Maybe you didn’t beat your best time, but you ran the race with your friends beside you for a good cause. Maybe you didn’t win the game, but you took many wonderful deep breaths under a clear blue sky. Maybe you didn’t lift as much weight or swim as many laps as you did when you used to go to the gym regularly, but you recommitted to your health and well-being by starting to exercise again. Maybe you didn’t dance as long or as hard as the people around you, but you shook your thang and you loved it.

Bud-Bud and Boo try out snowboarding.

Bud-Bud and Boo try out snowboarding.

Enjoy moving — even if you don’t win the gold medal. Enjoy eating — even if you didn’t create the perfect meal. Listen to your body and its wisdom before you jump on the next diet and nutrition fad. In my experience, healing our relationships with food is comprised of the slow, hard work of changing habits and thought patterns, and no quick-fix nutrition solution will do it. Trust yourself above all else. Don’t forget yourself, when trying to be part of a community, family, or workplace. Feed yourself well so that you can move through life the way you want to: with strength, courage, and not overly influenced by your “team.” Life can be a challenging journey. Appreciate your growth, your unique gifts, and the way that taking good care of yourself helps you move through your unique life with grace. You will truly be a better “team player” if you are taking good care of your Self first.

How to Love Yourself (Even in a Swimsuit)

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I feel compelled to write again about the hardest part of many of my clients’ work: improving their body image. They may have a better relationship with food and have done a lot of work on recovering from an eating disorder, but many of my clients still don’t feel good about their bodies. This is what I sometimes call the “last frontier” of eating disorder recovery. And, once in a better place with body image, I often think that persons who have fully recovered from eating disorders have a more body-positive viewpoint than the general public. After all, what person (particularly a woman) wakes up and looks in the mirror and says, “Ahh.... I love my body!”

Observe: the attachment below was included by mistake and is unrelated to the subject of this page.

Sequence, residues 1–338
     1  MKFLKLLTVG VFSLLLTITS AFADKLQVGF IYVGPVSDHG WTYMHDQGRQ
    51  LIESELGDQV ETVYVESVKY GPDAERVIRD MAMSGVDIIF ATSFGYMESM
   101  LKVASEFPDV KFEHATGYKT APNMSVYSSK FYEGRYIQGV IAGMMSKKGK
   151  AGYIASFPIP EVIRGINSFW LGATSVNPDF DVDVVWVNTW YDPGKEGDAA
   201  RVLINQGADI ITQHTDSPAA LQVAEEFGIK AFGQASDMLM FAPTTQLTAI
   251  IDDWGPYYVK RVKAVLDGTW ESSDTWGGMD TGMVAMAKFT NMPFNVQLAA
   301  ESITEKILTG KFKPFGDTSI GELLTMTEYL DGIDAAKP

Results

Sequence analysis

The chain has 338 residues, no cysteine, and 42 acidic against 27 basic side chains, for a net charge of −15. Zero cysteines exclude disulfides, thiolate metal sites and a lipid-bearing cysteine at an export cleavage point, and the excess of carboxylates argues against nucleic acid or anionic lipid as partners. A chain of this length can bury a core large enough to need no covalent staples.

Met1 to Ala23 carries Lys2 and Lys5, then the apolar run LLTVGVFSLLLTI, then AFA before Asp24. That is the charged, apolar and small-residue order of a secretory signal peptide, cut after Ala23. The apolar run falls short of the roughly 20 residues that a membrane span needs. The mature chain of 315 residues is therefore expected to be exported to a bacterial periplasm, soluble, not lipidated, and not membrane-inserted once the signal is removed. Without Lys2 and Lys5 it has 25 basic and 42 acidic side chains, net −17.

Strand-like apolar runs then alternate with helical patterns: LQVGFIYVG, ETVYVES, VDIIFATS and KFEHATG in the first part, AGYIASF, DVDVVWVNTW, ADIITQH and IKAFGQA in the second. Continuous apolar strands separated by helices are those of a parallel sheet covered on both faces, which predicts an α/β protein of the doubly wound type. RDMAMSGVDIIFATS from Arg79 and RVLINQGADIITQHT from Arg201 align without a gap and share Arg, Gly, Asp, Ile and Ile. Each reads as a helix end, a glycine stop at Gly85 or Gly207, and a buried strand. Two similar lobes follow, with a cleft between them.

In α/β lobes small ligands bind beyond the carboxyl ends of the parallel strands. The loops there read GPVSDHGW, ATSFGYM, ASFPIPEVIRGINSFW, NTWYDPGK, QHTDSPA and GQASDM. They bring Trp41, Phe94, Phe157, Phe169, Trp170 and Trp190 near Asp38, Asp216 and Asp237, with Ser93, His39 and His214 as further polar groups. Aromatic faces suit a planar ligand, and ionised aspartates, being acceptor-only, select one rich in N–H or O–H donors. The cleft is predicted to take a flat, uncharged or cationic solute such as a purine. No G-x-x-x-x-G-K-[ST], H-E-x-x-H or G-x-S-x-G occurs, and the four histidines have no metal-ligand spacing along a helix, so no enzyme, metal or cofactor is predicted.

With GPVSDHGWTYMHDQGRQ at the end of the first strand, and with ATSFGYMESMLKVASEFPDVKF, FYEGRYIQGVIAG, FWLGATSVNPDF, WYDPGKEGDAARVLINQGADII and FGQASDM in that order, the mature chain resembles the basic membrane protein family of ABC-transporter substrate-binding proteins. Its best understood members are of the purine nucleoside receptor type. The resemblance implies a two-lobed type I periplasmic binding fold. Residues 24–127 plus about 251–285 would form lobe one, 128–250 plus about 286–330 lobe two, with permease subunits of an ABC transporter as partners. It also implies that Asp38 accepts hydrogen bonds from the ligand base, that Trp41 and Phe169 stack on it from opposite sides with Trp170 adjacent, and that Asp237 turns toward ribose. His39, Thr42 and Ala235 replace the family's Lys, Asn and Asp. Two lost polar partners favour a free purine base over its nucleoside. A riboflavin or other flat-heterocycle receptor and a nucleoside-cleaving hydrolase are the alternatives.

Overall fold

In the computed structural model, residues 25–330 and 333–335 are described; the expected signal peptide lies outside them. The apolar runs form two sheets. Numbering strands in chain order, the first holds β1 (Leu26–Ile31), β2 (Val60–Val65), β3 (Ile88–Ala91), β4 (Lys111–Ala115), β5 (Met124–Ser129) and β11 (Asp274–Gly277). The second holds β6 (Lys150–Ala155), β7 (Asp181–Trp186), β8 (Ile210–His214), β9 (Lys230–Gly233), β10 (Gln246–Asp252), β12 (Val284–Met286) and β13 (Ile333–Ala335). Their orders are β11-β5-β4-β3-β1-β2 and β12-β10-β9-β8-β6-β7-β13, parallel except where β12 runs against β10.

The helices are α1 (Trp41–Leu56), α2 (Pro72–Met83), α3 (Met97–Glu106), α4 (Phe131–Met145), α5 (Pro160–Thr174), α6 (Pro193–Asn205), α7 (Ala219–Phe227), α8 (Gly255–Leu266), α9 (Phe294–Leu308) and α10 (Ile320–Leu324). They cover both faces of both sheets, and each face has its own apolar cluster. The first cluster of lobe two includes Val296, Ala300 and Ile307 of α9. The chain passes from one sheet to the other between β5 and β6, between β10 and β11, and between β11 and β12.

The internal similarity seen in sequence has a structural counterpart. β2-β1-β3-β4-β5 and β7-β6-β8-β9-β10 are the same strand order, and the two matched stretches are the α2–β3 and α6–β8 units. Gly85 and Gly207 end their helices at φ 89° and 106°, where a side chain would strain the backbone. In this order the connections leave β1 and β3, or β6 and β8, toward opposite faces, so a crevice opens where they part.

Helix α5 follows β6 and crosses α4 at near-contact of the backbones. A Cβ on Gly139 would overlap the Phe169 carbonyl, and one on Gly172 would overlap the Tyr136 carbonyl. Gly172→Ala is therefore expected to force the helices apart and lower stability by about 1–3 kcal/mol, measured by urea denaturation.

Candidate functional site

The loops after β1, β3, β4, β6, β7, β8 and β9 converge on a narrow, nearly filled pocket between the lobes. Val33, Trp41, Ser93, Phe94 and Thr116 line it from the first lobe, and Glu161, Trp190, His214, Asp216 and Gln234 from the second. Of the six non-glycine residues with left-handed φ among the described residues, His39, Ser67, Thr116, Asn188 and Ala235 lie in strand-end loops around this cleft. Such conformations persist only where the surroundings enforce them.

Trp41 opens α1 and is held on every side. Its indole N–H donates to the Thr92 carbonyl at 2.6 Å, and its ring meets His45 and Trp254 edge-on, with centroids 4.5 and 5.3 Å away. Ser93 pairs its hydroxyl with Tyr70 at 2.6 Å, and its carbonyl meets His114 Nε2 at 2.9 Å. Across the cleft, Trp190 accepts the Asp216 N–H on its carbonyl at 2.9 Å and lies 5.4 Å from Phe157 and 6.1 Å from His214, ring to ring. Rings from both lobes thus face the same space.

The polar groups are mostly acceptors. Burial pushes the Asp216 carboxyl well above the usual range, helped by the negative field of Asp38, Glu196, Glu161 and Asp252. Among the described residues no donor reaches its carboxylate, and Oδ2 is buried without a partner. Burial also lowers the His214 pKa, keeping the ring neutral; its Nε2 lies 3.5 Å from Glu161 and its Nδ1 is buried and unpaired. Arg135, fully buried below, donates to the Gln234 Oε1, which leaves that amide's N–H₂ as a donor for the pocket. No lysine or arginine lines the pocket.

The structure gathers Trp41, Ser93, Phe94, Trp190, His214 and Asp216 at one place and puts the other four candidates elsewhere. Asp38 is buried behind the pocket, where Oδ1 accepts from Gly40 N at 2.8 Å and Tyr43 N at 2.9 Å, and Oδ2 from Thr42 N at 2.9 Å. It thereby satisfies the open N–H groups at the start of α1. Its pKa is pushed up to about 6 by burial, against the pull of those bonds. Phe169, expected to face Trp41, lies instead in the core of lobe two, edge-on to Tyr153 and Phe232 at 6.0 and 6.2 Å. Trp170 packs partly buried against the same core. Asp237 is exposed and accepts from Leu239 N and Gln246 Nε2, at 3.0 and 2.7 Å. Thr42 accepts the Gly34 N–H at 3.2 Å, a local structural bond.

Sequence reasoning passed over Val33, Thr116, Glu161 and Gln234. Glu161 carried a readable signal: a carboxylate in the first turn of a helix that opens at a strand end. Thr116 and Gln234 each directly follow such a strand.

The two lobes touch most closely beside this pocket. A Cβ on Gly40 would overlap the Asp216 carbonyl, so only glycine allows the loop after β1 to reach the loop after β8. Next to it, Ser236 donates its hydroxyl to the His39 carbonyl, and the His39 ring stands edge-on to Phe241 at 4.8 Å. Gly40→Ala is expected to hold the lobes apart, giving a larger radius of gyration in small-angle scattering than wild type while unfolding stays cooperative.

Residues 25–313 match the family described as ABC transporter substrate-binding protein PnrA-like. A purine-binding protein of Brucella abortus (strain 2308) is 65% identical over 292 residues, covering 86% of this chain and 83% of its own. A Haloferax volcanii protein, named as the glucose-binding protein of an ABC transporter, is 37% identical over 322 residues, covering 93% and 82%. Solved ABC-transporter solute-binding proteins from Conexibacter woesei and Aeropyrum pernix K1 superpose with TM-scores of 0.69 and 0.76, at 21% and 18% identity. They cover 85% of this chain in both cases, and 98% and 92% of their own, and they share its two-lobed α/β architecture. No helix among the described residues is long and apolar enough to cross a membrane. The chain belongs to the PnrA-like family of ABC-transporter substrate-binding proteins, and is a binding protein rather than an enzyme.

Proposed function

In New England, when we shed our layers and finally show some skin in June and July, I swear the body hatred barometer rises along with the summer temperatures. I hear women and men everywhere talking about how they need to lose a few pounds or saying how much they loathe their thighs or their bellies. It sometimes takes me by surprise when I hear this, especially if I was not at all focusing on their bodies in our conversation. It’s hard to respond to these body-bashing statements. Mostly, I try to gently remind them that I like them for more than their thighs.

We are indeed a body-obsessed culture. Some of us are particularly oriented towards seeing the body as the self, instead of just one part of the self. We all know that a pretty house is delightful, but that alone doesn’t make a happy home.

This past weekend I had the pleasure of being a part of a dear friend’s 40th birthday celebration. This friend was strong enough to ask for what she wanted: a day of fun in the water with family and friends; followed by an evening with a small group of her favorite women gathering together to dance, play, and celebrate her milestone; followed by a late-night dance party that brought together a wider circle of friends and community. During the middle of this joyous celebration, when there was this smaller circle of friends, we gave the birthday babe a community rose-oil massage and two words apiece that described what we loved about her. We then talked about what prompted us to choose those words. The ritual finished with an “angel shower,” in which we dumped large quantities of rose petals over her body while we sent her blessings and talked about how much we valued her as a friend and human being.

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Needless to say, my friend is still sailing on this love -- and you can imagine the heartful energy that eased us into the dance party that night...